Right to food; Student debt; Ben Carson

In the wake of the Covid shutdowns there are growing concerns about the security of the global food supply.

Sunday on Full Measure, we’re off to Maine. It’s the first state in the US to enshrine in its law and state constitution the “right to food.”

We’ll talk to farmers and residents about what it means, and put it in the context of stresses and protests around the world related to the food supply.

Also Sunday, Scott Thuman hears from both sides in the controversy over President Biden’s plan to use US taxpayer money to eliminate billions in student debt.

And I’ll speak with former Housing Secretary Dr. Ben Carson. I’m asking for his biggest takeaways after serving in the Trump Administration. And if Trump runs and wins again– would Carson serve again?

Leave a Comment

Your email address will not be published. Required fields are marked *

9 thoughts on “Right to food; Student debt; Ben Carson”

  1. I can agree there is a “right to food”, but I think that includes allowing us to buy/get our food from whatever source we wish, including home kitchens, individual farmers, natural sources like sassafras root and tonka bean, etc., without interference of the FDA or state health departments.

    Only a few years ago, there were not laws forbidding people from baking bread, making pickles, decorating cakes, or making salsa in their own kitchens and selling it.

    Suddenly in the past 15 years or so under the guise of “food security” , the states and feds started outlawing anything not made in a commercial kitchen, and now people are having to lobby their legislatures to claw back that simple freedom to purchase food from our own preferred sources through “Cottage Food” laws, etc. It’s wrong. We should have every right to use our own judgment to choose what foods we purchase and from whom, and however made.

  2. If food security is such a big problem why are over 60% of Americans overweight and a high percentage of them are obese ? Every time I go to the supermarket I watch overweight people buying the most expensive/unhealthy items (cookies, snacks foods, sodas, juices, etc) and paying for them with an Independence Card and BTW they have iPhones, designer clothes, expensive jewelry and fancy nails.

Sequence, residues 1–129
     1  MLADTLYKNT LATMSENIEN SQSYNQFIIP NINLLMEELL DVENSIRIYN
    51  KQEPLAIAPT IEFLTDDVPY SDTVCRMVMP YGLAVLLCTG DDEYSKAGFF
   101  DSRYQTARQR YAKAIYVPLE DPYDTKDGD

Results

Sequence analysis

1. My sister is a mental health professional who did in home visits with families on government assistance. Their homes were well heated; she couldn’t afford to heat her home adequately.

      As for obesity, it’s not only the sugar and chemicals in junk food, it’s the seed oils in almost all processed foods that contribute to the problem. Believe it or not, butter, coconut oil, and natural lard (not the stuff in the grocery store) are better for us.

      The globalists want us to eat fake meat and bugs. Any right to food has to mean the right to natural foods from the earth and from pastured animals and fowl.

      1. Thanks Kay. So well put. I agree wholeheartedly with your assessment of the “fake food” and the “fake info”. It’s difficult to find accurate nutritional information on any mainstream media now. Maybe because the fake food industry is putting so much money into advertising on their programs, which gives them the right to manage the message.

    2. I have watched TV shows like “My 600 lb. Life” and I have always wondered who is paying for all the food these people are eating? They obviously can’t be working as they are most often too fat to move off of their beds. And then they get bariatric surgery. I have never had health insurance that covered weight loss. I am surely missing something. And, yes, they all seem to have cell phones, flat screens, X-Boxes,etc. Now what? We have to give them FREE food?

  3. Regarding the “right to food” – similar to the “rights” to an education, healthcare, and even water, these all create a corresponding obligation for someone else to supply them. Are farmers, teachers, doctors, and municipal water systems all supposed to work for free? (I believe that’s called “slavery”).
    We have a “right” to access things (the pursuit of happiness), but the implication that these things should be “free” makes no sense.
    My father once handed out over-the-expire-date baked goods in a public housing neighborhood. The government paid the heating bills in full (so the heat was “free” to the residents). He said that in the dead of winter, many people turned the heat up to max. Then when they got too hot, they simply opened a window.

  4. It seems that the original US constitutional “rights” enshrined into law are regularly under attack (free speech, freedom to assemble, freedom of religion, tyranny prevention through the second amendment, privacy, rights against unreasonable searches, etc.) yet there are strong voices shouting for the “right to healthcare”, “right to housing”, “right to education through college”, and of course Maine’s “right to food”. The original rights did not ask others to provide anything for you, they protected you from an overburdening government. The new “rights” require others to provide for them under penalty of law. Seems like this is the stuff the founders were trying to prevent.

    1. But we can no longer accept what those old white men gave the world, a model for the best government ever, and we must conform to the ‘WOKE’ idiocy of the Left to destroy this Republic.

      You nailed AJ from WI.

Scroll to Top